TOMMY FAIRWEATHER: Helping your quiet child find their voice

Published: Sunday, December 30, 2012 at 15:57 PM.

Introverts are the quiet children in the home and classroom. Most adults, including teachers, think that because these children are quiet, they are shy. However many introverts are not shy.

Marti Olsen Laney, author of the book “The Introvert Advantage: How to Thrive in an Extrovert World,” has a brief series of questions for the reader to answer to identify if he/she is an introvert or an extrovert. She says introverts and extroverts differ in important ways.

The first way they differ has to do with energy use and recharging. She describes the extrovert as solar panels.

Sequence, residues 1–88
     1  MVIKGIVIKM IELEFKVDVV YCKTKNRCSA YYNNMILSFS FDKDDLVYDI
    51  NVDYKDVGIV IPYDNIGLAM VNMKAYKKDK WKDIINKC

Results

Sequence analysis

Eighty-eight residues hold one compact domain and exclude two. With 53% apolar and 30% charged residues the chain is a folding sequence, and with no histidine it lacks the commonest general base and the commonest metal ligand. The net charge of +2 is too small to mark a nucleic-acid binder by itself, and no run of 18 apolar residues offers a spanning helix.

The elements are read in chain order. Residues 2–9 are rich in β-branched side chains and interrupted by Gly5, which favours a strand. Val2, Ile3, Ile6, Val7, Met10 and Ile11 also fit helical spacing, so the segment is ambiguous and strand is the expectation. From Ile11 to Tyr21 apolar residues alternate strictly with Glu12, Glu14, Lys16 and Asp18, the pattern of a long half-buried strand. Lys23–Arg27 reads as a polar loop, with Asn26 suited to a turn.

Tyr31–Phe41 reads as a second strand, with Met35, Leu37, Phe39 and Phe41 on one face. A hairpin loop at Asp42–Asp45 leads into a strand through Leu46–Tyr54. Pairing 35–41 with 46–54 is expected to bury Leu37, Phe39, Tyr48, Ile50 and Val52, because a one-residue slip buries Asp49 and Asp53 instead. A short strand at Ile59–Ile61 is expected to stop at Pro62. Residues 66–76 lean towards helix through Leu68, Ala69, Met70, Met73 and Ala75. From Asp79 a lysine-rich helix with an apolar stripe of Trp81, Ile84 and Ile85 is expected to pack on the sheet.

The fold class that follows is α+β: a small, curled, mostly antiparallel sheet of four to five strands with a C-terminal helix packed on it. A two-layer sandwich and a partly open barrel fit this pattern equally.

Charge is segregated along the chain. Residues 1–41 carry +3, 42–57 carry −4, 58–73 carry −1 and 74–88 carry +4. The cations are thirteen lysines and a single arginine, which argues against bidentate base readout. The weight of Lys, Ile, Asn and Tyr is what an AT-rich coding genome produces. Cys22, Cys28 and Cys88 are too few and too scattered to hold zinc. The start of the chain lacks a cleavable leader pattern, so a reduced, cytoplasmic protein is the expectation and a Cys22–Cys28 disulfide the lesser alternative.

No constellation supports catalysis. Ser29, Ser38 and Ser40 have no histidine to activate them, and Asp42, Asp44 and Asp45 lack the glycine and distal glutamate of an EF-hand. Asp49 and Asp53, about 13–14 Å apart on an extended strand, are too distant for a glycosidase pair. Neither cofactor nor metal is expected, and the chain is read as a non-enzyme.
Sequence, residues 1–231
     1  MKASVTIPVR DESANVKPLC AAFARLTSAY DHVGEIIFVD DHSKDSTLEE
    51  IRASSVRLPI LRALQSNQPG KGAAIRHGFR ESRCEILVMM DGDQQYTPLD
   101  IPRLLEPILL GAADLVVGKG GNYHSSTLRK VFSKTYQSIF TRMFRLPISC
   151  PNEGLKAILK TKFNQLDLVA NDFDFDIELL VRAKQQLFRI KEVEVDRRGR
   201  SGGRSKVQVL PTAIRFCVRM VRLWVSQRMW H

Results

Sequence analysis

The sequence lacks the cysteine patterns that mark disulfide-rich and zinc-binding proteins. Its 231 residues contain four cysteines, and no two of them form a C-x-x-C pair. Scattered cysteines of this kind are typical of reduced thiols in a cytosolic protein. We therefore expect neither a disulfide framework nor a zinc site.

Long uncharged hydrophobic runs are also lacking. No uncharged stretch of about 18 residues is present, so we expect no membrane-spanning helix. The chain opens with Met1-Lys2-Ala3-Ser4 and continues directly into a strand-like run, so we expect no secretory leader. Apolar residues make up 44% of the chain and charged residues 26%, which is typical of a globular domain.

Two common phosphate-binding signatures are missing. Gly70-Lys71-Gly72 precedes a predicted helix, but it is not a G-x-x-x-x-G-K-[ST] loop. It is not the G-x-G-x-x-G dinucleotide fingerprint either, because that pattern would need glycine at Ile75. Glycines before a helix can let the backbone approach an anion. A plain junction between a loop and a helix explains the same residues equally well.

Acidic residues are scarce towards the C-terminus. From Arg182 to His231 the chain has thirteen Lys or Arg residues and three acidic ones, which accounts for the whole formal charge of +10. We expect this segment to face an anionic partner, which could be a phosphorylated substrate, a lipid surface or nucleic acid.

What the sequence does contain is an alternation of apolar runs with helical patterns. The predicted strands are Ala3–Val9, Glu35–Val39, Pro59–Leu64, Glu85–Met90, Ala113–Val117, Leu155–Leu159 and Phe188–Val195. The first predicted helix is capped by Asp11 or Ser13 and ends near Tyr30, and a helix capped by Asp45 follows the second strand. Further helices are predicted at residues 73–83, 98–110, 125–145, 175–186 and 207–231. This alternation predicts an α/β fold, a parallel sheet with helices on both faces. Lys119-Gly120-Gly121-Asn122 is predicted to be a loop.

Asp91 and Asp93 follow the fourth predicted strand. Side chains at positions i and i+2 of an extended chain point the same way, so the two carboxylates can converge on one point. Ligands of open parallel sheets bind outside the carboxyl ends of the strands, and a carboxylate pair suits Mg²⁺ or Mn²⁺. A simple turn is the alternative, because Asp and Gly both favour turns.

Extroverts need people and a variety of activities to recharge their energy level. So the more they do the more they are energized.

Introverts are like rechargeable batteries. They need rest away from stimulation to restore energy. Being with a lot of people and activities drains them tremendously and they need down time to recoup.

At school, the teacher should be sure to pace the day so that the introvert can be alone and read or even put his/her head down for a rest.

Adults might want to pair the child with another quiet child when it is time to play, or allow for what is called parallel play. When parallel playing, children are playing nearby but not with each other. It is okay at recess for a child to play alone or with one friend. Most introverts need time and a quiet reflective place so they can think things over in their minds.



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